Fungicide seed treatment in North Carolina soybean production
As North Carolina growers shift to using earlier soybean planting dates as a mechanism to increase soybean yield, questions arise about the value of a fungicide seed treatment at earlier planting dates, said NC soybean specialist Rachel Vann.
There is a lot of data generated several years ago to indicate that fungicide seed treatments do not impact North Carolina soybean yield at late May or later planting dates; investigation into the value of fungicide seed treatments at earlier planting dates is merited, she said.
In 2019 and 2020, the Soybean Extension Program looked at the value of fungicidal seed treatments for protecting stand and yield across diverse North Carolina environments in small-plot research. When the small-plot data was combined over years, maturity groups and fungicidal seed treatments, there was often a significant protection of both stand and yield at planting dates earlier than mid-May.
In 2020 and 2021, the soybean On Farm Trials (OFT) across the state focused on fungicide seed treatments. There was a significant protection of stand detected at many sites and significant protection of yield when you combined over the sites. Results from the OFT program in 2020 and 2021 can be found at https://bit.ly/36nmUNS.
Our current recommendation is for use of a fungicide seed treatment to protect stand and yield in soybean planting dates prior to mid-May, Vann said. Both the small-plot data and the OFT data from the past several years drives this current recommendation.
Stay on top of yield-robbing soybean cyst nematode
Nematodes are microscopic roundworms that live in the soil and feed on plant roots. According to Jeremiah Mullock, BASF product manager, seed treatment, soybean cyst nematode (SCN) is present in nearly all soybean geographies and is the leading cause of soybean yield loss in North America. In a 2020 study conducted by The SCN Coalition, soybean growers reported they perceive SCN reduces yield by 5.1 bushels per acre.
Soybean cyst nematodes enter plant roots and establish feeding sites that steal resources from the plant, leading to yield loss:
• Wounds created by feeding can cause cell death and weaken the plant.
• Damage increases as nematodes develop into adults and approach the reproductive stage.
• Cysts containing hundreds of eggs are formed after mating, leading to an explosion in the number of nematodes.
This underground cycle can be repeated three to six times during a single growing season and can wreak havoc for growers.
SCN symptoms are highly variable. They can range from none (no visible evidence of plant injury) to plant death in certain areas of the field. Here are some recommendations for creating a management plan to combat this pest.
First, take soil samples. If SCN is present in your fields, you’ll need to take immediate action. There is no easy fix for SCN. After you’ve tested your soil and know your SCN numbers, be sure to rotate resistant varieties and rotate to non-host crops. It’s also time to consider an effective seed treatment, Mullock said.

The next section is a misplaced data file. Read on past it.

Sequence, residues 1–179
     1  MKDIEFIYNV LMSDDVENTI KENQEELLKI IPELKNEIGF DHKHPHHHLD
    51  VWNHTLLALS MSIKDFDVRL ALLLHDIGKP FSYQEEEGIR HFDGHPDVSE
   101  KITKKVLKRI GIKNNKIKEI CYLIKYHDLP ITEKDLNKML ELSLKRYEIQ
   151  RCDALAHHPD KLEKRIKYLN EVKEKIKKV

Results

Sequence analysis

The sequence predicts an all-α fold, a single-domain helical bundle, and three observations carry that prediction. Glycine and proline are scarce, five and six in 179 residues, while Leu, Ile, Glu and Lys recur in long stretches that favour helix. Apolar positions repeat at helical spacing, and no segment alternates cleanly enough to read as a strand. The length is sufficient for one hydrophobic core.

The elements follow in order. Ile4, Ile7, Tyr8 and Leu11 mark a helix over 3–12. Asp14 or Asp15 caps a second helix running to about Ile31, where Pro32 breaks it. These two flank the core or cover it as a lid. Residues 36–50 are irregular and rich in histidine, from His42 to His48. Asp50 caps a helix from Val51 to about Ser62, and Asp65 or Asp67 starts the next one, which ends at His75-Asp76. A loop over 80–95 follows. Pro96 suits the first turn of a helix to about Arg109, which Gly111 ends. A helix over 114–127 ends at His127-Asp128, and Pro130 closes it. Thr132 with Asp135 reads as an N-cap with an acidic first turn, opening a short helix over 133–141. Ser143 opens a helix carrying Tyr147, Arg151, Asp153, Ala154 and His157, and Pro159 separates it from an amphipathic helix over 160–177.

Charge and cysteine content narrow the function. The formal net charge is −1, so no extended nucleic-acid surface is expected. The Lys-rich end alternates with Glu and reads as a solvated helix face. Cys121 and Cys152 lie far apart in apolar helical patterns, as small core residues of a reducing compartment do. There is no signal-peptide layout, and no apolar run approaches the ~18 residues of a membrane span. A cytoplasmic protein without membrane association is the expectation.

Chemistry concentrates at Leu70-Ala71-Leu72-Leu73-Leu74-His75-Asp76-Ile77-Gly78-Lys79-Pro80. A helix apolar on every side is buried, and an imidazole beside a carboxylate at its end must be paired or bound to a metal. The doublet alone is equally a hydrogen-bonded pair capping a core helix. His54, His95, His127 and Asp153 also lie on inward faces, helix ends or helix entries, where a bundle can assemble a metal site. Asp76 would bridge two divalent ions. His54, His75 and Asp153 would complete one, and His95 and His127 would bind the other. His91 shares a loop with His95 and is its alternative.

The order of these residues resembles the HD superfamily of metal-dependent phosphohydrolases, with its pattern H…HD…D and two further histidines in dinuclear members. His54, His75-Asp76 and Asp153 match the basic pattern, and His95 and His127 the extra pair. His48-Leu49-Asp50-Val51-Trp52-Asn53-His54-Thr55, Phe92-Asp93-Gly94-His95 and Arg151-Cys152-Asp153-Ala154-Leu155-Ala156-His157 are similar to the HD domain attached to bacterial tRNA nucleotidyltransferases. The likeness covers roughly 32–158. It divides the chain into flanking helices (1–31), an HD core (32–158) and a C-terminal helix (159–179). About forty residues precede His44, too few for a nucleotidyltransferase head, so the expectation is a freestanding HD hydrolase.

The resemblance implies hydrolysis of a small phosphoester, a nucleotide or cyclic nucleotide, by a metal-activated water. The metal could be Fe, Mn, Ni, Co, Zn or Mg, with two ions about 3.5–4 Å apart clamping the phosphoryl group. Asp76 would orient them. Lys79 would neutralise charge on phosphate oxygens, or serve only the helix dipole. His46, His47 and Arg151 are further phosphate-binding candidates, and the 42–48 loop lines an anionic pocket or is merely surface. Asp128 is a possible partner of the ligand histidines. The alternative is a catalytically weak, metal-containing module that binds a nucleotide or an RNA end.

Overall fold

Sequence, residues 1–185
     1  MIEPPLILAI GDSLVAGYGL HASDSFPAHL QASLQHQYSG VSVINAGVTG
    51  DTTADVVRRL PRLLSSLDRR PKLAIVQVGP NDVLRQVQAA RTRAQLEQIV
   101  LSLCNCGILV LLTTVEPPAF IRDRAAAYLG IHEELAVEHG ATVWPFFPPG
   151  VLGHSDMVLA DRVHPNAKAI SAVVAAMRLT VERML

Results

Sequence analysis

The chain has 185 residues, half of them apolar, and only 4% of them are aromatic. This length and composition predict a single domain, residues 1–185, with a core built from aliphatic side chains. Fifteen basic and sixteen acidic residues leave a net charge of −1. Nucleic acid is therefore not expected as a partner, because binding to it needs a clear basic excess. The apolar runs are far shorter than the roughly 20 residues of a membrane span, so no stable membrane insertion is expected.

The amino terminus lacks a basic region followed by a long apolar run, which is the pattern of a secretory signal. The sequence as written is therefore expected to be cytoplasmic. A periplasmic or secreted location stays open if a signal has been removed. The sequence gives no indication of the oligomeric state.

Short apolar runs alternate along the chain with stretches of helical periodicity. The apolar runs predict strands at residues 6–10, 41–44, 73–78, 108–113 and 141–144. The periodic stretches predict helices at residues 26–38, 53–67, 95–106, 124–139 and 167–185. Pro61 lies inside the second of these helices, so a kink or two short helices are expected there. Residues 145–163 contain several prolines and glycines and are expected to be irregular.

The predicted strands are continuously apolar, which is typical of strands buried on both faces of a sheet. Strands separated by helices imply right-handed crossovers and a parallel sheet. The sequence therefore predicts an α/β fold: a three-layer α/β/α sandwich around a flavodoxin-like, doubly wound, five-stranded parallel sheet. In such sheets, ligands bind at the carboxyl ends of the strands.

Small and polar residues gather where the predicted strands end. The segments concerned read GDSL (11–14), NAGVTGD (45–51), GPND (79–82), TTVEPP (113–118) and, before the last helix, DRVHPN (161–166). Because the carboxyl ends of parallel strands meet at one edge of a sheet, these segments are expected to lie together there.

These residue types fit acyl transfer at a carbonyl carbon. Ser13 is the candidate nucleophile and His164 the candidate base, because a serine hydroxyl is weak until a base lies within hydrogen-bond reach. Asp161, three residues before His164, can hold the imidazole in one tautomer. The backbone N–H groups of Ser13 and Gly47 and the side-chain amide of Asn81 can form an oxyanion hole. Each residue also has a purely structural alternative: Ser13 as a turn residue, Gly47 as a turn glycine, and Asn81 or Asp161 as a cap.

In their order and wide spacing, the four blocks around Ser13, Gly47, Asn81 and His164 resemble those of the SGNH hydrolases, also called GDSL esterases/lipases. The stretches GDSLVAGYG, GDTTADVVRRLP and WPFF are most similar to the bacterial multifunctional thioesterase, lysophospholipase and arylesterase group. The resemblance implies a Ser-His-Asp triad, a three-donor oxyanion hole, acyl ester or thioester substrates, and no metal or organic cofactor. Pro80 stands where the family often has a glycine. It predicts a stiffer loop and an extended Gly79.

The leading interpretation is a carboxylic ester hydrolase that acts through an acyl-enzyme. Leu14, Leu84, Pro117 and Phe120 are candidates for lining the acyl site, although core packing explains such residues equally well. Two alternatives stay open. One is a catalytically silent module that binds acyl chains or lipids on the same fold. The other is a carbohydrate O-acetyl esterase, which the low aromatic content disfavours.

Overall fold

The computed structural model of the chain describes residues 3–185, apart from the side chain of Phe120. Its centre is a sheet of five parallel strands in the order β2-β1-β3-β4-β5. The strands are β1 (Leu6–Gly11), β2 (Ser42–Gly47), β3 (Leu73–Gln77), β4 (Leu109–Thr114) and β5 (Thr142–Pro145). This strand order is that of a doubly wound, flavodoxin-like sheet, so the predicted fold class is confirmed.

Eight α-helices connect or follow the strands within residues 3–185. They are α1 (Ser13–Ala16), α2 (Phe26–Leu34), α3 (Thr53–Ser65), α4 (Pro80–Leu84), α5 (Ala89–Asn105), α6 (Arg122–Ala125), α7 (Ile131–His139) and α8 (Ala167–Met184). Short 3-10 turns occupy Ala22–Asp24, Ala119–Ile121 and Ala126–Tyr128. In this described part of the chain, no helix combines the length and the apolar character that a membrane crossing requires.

The BASF product manager said ILEVO seed treatment delivers direct mortality across all stages of nematode life cycle to prevent development and provides increased yield potentials by protection from nematode feeding and limits the impact of reproduction.
Sudden death syndrome (SDS) and SCN is estimated to be high, with at least 80% of SDS acres also impacted by SCN in the United States. SDS symptoms can be more severe under SCN pressure. While nematode damage increases in hot, dry conditions, SDS thrives in cool, wet conditions. ILEVO seed treatment protects against both, no matter the weather conditions, Mullock said.
Barber honored as soybean researcher of the year
If not for a text from a colleague, Tom Barber might not have been on hand to receive his honor as Soybean Researcher of the Year from the Conservation Systems Conferences. Barber is an Extension weed scientist for the University of Arkansas System Division of Agriculture.
A large portion of Barber’s applied research in soybean revolves around managing pigweed.
“We discovered PPO resistance several years ago and have been working on a way to manage that in soybean,” he said. “And now we’ve identified glufosinate and dicamba resistance in some pigweed populations from northeast Arkansas, which will be a main focus for the program moving forward.
“In the last three years, we’ve been fortunate to work with several new technologies, one of which is the Redekop Seed Destructor as a means to destroy pigweed escapes at harvest and prevent future generations,” Barber said. “The Redekop seed destructor will be a game changer in the fight against resistant pigweed.”
Bob Scott, who worked alongside Barber as a weed scientist before becoming director of the Cooperative Extension Service, wrote the nomination.
“It is good to see Dr. Barber get recognition for his work in soybean,” Scott said. “Although he is more known as a cotton guy, he has worked very hard on issues over the year in soybean as well.”
Vic Ford, associate director-agriculture and natural resources for the Cooperative Extension Service, called Barber “a leader in his research and Extension programs. He is not an overnight success but a product of hard work and long hours to discover and disseminate timely results to Arkansas farmers,” Ford said. “Faculty like Tom support their support staff and program from grants and gifts. Dr. Barber’s program is one of the top in the country and that support demonstrates the value of the program.”